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Endocrinology and diabetes

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M. Chalumeau, C.G. Hadjiathanasiou, S.M. Ng, A. Cassio, D. Mul, M. Cisternino, C.J. Partsch, C. Theodoridis, M. Didi, E. Cacciari, W. Oostdijk, A. Borghesi, W.G. Sippell, G. Bréart, R. Brauner.

INSERM U149, Paris-France and Pediatric Endocrinology Departments in Athens-Greece, Liverpool-UK, Bologna and Pavia-Italy, Rotterdam and Leiden-The Netherlands, Kiel-Germany, Paris-France

Background: Central precocious puberty (CPP) reveals an occult intracranial lesion (OICL) in 5–10% of affected girls. Systematic brain imaging is recommended but is normal and then not contributive in 90–95% of the cases. Recently, two American groups formulated distinct guidelines to select girls with CPP who require brain imaging. A previous single-center study found those recommendations to lack sensitivity to identify OICL and had proposed a 100% sensitivity, evidence-based, diagnosis rule, combining two independent predictors of OICL: age at puberty onset (ie, breast development) <6 years, and estradiol (E2) level >45th percentile of girls with idiopathic CPP.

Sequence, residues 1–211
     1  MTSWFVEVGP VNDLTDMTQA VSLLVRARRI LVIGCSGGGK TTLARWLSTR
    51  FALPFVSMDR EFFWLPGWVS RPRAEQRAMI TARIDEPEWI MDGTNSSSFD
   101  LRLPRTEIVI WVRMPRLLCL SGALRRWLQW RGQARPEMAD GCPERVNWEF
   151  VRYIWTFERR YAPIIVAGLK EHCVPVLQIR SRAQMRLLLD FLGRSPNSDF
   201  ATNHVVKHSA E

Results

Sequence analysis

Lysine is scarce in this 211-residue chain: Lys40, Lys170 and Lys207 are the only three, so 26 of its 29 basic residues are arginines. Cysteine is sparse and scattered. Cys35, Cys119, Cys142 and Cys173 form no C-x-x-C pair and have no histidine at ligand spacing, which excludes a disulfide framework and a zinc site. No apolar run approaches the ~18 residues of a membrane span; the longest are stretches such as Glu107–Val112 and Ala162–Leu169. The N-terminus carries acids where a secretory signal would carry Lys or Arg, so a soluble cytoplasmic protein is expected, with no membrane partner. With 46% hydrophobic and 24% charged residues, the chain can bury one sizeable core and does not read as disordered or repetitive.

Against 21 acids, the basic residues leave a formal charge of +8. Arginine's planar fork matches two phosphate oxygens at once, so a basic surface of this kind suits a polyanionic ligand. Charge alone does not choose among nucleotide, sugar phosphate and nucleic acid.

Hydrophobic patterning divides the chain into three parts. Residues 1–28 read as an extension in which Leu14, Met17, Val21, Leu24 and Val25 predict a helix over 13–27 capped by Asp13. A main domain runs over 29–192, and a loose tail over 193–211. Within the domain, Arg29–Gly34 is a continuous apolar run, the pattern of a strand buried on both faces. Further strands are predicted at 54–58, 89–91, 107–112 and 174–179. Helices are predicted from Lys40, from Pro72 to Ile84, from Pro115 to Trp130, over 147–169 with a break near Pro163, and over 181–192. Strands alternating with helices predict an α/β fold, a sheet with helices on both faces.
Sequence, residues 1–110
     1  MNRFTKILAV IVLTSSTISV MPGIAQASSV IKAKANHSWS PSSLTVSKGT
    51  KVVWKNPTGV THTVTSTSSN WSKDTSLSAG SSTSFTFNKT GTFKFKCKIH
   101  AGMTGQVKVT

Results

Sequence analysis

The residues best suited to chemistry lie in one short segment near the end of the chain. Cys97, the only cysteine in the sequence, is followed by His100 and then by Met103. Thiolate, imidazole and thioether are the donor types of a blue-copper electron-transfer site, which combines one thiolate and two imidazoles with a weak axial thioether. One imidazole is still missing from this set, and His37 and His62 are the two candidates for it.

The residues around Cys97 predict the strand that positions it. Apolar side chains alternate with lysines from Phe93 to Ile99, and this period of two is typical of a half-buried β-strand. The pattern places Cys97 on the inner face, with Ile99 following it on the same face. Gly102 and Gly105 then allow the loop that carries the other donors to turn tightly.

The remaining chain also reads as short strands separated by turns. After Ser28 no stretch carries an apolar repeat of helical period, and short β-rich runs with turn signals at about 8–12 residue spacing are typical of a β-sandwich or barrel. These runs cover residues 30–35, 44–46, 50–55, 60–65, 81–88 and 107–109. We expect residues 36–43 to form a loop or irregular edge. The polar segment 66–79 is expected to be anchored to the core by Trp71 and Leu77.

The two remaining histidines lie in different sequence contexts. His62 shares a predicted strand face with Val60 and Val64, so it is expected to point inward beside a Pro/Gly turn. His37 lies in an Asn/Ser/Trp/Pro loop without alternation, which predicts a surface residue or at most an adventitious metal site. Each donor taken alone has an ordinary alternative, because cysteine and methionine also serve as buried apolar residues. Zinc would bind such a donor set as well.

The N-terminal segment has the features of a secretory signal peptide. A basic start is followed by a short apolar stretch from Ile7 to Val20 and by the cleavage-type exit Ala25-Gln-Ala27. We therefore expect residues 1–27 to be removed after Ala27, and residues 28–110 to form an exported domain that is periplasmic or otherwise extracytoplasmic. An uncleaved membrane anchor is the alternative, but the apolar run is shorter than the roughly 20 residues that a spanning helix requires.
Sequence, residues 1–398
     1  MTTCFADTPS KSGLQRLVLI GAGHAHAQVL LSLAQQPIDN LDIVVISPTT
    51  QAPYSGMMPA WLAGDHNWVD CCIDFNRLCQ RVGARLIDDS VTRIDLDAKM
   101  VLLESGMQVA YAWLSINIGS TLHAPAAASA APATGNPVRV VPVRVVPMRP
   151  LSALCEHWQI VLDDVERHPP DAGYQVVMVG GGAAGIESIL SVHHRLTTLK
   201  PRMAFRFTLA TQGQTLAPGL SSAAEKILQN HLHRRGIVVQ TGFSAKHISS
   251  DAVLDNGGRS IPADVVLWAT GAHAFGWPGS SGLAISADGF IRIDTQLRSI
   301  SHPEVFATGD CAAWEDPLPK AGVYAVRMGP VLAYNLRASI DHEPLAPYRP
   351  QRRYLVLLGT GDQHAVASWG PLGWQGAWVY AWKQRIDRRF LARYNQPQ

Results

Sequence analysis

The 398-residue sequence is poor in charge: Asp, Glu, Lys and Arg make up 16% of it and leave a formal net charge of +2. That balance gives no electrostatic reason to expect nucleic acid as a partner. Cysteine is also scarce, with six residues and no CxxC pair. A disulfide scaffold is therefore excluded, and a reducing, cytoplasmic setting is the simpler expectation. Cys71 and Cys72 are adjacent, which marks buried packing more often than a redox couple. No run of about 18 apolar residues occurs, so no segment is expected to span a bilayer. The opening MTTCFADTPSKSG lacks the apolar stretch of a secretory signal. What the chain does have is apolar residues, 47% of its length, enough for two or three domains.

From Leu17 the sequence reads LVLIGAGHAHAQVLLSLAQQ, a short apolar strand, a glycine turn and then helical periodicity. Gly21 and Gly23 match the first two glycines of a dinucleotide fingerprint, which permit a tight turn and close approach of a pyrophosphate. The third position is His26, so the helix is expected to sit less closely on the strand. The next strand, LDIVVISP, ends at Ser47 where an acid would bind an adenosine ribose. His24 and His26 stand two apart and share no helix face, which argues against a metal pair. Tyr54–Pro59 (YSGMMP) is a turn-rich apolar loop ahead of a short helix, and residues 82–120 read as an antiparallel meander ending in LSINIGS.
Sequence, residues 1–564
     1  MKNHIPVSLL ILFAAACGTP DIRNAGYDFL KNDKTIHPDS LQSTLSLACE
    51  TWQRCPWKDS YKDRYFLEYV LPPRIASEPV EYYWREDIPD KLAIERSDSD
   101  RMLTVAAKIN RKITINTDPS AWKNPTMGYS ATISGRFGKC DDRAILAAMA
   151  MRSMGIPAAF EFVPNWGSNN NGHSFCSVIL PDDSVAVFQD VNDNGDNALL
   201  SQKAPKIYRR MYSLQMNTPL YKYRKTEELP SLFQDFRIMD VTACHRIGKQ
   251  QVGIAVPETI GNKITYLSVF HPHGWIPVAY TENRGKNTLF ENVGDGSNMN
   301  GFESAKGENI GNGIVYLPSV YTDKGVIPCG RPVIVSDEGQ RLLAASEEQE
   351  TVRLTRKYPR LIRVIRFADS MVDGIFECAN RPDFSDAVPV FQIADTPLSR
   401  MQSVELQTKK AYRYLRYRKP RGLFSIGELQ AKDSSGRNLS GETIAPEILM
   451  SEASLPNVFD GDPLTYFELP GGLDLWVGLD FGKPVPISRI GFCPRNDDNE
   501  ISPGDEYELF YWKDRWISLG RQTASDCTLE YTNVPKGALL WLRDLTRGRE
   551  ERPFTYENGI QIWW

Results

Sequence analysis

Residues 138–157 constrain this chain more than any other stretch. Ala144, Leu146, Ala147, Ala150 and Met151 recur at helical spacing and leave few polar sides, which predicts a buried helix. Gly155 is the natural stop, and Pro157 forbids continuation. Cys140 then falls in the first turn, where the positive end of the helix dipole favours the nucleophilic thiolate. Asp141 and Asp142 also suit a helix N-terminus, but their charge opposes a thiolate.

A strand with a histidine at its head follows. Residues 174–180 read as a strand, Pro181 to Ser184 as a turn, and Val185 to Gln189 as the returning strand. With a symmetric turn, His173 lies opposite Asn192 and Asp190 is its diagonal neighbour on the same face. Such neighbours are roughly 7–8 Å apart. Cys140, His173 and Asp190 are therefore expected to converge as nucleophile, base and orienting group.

Aim: To validate our previous findings on a large population.

Methods: A retrospective, multicenter, hospital-based, cohort study was performed, including all girls with CPP seen in 7 centers, in 6 European countries during given periods. American recommendations and the stability of our previously derived diagnosis rule were tested.

Results: 443 girls with CPP, including 35 with OICL, were recruited. American recommendations did not identify all OICL. Previously identified independent risk factors for OICL were confirmed: age <6 years (adjusted odds ratio 20.5, 95% CI 8.1–52.1) and E2 >45th percentile (3.0, 95% CI 1.3–7.1). The previously derived diagnosis rule had 100% sensitivity (95% CI 90–100): all girls with OICL had either an age <6 years or an E2 level >45th percentile. The specificity was 39% (95% CI 34–44).

Conclusions: American recommendations do not seem safe to select European girls with CPP who require brain imaging. In settings where systematic brain imaging is not possible, the proposed diagnosis rule could help safely to avoid more than one-third unnecessary brain imaging.


A. Poulton, C.T. Cowell.

The Nepean Hospital, Penrith, New South Wales, Australia